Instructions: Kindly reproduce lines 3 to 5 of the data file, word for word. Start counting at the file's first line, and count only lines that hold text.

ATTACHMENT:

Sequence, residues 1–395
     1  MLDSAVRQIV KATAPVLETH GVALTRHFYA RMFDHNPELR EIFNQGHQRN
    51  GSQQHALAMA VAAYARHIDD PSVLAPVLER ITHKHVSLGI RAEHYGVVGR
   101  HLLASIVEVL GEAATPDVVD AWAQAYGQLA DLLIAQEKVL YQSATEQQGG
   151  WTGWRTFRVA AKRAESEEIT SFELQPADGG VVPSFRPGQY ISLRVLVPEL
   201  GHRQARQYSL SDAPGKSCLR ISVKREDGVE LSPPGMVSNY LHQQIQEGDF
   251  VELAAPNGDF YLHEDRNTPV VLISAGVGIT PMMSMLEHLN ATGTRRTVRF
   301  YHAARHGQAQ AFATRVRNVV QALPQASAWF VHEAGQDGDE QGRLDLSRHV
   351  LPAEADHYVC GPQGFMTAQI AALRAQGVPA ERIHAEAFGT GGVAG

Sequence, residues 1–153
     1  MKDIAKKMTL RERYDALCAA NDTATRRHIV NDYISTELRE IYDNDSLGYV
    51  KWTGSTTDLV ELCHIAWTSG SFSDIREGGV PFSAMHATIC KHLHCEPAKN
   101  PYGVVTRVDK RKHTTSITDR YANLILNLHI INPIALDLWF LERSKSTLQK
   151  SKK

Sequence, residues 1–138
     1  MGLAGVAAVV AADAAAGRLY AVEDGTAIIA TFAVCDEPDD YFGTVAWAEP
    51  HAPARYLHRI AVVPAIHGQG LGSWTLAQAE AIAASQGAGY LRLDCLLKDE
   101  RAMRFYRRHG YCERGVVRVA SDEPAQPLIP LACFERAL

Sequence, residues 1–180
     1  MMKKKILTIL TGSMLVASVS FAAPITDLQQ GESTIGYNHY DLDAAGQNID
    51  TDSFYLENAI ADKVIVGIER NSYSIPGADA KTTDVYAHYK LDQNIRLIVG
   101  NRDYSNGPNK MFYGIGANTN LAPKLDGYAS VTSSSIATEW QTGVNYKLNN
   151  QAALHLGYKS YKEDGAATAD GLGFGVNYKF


    51  GSQQHALAMA VAAYARHIDD PSVLAPVLER ITHKHVSLGI RAEHYGVVGR
   101  HLLASIVEVL GEAATPDVVD AWAQAYGQLA DLLIAQEKVL YQSATEQQGG
   151  WTGWRTFRVA AKRAESEEIT SFELQPADGG VVPSFRPGQY ISLRVLVPEL